Imagine a race of intelligent plants. They want to form a civilization. They will face roughly the same challenges that humans or any other intelligent species will encounter. Mostly, these involve organizing themselves so that leadership avoids errors, and preserving genetic health.
After all, life is still life, even if one is intelligent and civilized. The species must go on, as must the specific sub-species that is this ethnic group of plants. They have to find some way to feed themselves, protect against threats, and plan for the future.
Intelligent beings by nature tend to be solipsistic. Their big brains tell them lots of things about the world, and tend to reject the thoughts that are disturbing and therefore threaten the stability of the organism. They prefer to feel good thoughts all the time than to look at the scary and bad stuff.
Consequently the risk to them is not obvious threats, but slow and subtle threats like loss of culture, selfish leaders, and loss of the healthier specimens as society tries to subsidize the rest. Most gardens perish from a combination of those.
In theory, intelligent beings would realize the risk of slow threats — and the fast growth that makes them easily overlooked — but in reality, people prefer the tangible, including the mentally tangible like symbols and glaringly obvious problems. Intelligence is programmed to destroy itself.
Instead of focusing on real threats, intelligent beings tend to talk in terms of methods that in theory eliminate all risk and therefore make Utopia. The modern era consists of a focus on methods instead of goals such as having health, leading to a rules-based order:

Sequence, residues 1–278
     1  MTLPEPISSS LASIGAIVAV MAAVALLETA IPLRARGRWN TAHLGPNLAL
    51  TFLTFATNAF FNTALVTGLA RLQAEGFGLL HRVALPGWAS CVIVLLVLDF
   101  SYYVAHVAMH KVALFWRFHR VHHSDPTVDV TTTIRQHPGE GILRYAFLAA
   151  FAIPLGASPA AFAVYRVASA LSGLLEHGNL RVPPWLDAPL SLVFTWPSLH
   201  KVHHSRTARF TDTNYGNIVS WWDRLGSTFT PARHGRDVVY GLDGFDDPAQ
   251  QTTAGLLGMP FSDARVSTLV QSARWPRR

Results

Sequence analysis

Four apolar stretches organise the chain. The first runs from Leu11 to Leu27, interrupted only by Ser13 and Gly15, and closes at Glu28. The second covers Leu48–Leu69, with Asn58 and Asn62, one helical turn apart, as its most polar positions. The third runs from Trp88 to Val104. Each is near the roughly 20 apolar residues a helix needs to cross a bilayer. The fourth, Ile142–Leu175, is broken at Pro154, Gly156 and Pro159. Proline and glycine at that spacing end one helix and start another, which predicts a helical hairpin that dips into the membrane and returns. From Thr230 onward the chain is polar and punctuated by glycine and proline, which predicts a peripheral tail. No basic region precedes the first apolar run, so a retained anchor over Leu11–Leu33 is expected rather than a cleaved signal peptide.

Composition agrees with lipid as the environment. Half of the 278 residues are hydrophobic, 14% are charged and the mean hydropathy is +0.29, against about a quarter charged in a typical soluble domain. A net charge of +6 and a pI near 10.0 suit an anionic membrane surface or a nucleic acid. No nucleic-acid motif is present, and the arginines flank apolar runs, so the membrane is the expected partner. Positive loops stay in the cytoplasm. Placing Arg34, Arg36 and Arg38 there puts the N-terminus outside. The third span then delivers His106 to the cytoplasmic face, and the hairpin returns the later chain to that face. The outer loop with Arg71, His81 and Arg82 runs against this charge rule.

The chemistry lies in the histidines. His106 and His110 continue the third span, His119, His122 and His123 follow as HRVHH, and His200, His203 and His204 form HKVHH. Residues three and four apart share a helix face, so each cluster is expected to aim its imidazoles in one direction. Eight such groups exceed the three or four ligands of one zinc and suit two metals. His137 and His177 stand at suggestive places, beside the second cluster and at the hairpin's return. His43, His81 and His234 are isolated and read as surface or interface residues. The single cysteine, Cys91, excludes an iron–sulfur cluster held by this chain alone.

Here is another example of the substitution of concepts and meanings. For many years, Western ideologists and politicians have been telling the world there was no alternative to democracy. Admittedly, they meant the Western-style, the so-called liberal model of democracy.
So currently, an overwhelming majority of the international community is demanding democracy in international affairs and rejecting all forms of authoritarian dictate by individual countries or groups of countries. What is this if not the direct application of democratic principles to international relations?
What stance has the “civilised” West adopted? If you are democrats, you are supposed to welcome the natural desire for freedom expressed by billions of people, but no. The West is calling it undermining the liberal rules-based order. It is resorting to economic and trade wars, sanctions, boycotts and colour revolutions, and preparing and carrying out all sorts of coups.
Putin draws a simple distinction here: direct democracy versus rules-based democracy, essentially saying that Constitutional systems are ruled by a cadre of experts who in theory know more than the voters. He claims to want international direct democracy.
The first world adopted its rule-based order to work around the insanity of the voters. That kept things at bay for awhile, but as with all meritocratic systems, once the targets that are used as performance metrics are identified, the system is quickly gamed.